NSW's rail network will come to a halt on the day students head back to school and commuters return to work as rail workers strike for better conditions.
NSW commuters have been warned of a 24-hour rail strike which will shut the city down on the same day thousands of students return to school.
The Rail, Tram and Bus Union state secretary Alex Claassens urged commuters to put pressure on the government and if "worse came to worse" don't go to work and stay home on January 29.
The RTBU announced the strike after lengthy discussions with members who claim they are "fed up" with the NSW Transport Minister Andrew Constance.
The work stoppage will begin at 12.01am on Monday, January 29 - the start of the new school year for many.
"Trains will go to bed on Sunday night and won't come out on Monday morning," Mr Claassens told reporters in Sydney on Tuesday.
"My members are telling me they are fed up with this guy ... we just won't stand here and cop the crap that he's thrown at us."
The strike announcement comes after a horror week for the city's rail network, which left thousands of commuters stranded in peak hour.
In addition to the 24-hour strike, rail workers will wear campaign clothing and badges from Friday before implementing an indefinite ban on overtime that would begin on January 25, the day before the Australia Day long weekend.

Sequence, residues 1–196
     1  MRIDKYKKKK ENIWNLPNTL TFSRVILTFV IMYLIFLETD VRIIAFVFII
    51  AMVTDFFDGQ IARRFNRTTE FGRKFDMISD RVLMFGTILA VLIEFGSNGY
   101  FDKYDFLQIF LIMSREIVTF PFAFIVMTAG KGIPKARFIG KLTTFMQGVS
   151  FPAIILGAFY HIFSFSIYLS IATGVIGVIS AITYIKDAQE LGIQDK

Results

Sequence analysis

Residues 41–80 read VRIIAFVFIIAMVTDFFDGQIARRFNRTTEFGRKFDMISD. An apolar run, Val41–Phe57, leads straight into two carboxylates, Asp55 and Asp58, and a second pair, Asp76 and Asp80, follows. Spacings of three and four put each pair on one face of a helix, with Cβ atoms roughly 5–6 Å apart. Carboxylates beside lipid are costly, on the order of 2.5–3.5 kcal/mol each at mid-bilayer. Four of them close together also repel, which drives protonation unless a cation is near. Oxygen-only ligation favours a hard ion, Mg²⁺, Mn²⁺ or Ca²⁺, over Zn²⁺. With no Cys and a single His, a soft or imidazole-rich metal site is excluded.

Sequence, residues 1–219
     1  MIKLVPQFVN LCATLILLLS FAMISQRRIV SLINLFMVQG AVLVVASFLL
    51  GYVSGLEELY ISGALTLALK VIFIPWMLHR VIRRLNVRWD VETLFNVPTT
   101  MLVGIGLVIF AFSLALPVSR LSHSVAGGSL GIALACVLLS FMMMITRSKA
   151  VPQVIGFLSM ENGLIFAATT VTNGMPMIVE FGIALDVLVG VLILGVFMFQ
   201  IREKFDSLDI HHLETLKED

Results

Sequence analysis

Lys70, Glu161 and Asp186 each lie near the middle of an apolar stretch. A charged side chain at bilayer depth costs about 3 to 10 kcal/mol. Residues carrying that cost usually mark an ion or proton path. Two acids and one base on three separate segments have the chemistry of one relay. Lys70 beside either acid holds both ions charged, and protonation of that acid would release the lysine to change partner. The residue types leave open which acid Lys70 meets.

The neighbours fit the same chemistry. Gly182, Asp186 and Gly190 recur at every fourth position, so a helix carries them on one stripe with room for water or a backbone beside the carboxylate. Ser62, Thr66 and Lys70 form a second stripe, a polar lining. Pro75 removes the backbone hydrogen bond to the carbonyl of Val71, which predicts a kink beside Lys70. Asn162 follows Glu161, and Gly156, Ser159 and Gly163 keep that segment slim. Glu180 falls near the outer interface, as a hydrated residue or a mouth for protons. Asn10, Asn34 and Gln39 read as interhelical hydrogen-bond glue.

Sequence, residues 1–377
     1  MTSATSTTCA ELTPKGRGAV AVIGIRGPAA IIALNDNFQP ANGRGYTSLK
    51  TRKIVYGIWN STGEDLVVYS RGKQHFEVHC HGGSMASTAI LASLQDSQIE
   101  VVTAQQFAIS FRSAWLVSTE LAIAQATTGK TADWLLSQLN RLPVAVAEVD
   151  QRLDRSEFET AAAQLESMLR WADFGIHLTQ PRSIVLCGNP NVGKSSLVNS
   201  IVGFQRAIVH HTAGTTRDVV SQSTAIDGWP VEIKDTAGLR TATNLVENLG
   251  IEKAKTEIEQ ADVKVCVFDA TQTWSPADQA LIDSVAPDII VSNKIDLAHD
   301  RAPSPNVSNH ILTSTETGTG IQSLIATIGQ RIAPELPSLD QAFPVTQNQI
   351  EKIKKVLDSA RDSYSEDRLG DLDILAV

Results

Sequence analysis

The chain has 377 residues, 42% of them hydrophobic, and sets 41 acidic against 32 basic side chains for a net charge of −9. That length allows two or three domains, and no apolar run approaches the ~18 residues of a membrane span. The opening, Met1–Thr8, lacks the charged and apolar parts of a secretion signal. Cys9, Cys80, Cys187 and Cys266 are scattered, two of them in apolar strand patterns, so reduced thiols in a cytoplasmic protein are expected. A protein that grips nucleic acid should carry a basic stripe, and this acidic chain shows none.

Rail workers are unhappy about the current enterprise agreement and have voted to take industrial action as they continue to fight for a six per cent pay rise and improved working conditions including rostering and claiming days off.
While Mr Claassens acknowledges the proposed six per cent rise is "a bit out there," he says members want decent recognition for their work.
"Since 2013, we have only employed an extra 22 train staff and by their (management) own admission we are driving more and more trains every day," he said.
The union met with Sydney Trains management on Tuesday to discuss another gripe - the new train timetable implemented in November last year.
This meeting had a positive outcome, with Mr Claassens saying he's hopeful the discussions will result in an improved timetable.
Mr Constance labelled the union's behaviour to take strike action "bizarre" and warned it would bring thousands of commuters to a grinding halt.
"They will shut down the city," he told reporters in Sydney.
"This is not putting customers first. This is putting the interest of union bosses first, well ahead of the customers."
He said the government was willing to give a 2.5 per cent pay rise to Sydney and NSW train drivers, in accordance with its wages policy.
He wouldn't rule out taking the matter to court to protect customers.
NSW opposition leader Luke Foley used the debacle to call for Mr Constance to be sidelined and the NSW premier to step in and take charge.
"His (Mr Constance's) constant denigration of train drivers has resulted in the announcement of Sydney's first passenger rail strike this century," Mr Foley said in a statement on Tuesday.
"The premier must sideline this hapless minister and take charge of negotiations in order to resolve this dispute."
Earlier in the day, Premier Gladys Berejiklian said she was confident the union and rail management would reach an agreement and avoid industrial action.